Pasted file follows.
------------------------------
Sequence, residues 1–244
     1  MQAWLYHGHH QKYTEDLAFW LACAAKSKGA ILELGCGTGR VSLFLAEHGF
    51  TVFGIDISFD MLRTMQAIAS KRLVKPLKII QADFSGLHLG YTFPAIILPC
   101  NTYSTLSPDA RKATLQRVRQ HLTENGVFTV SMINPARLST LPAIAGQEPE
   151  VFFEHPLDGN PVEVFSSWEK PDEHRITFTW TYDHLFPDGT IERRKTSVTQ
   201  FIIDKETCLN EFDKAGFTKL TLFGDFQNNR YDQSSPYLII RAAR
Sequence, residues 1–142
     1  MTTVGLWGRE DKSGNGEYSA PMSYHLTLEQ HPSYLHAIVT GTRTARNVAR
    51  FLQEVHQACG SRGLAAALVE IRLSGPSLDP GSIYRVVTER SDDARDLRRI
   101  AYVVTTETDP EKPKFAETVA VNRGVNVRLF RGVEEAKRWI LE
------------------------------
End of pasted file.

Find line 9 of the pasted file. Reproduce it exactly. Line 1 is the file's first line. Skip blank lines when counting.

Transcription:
    51  FLQEVHQACG SRGLAAALVE IRLSGPSLDP GSIYRVVTER SDDARDLRRI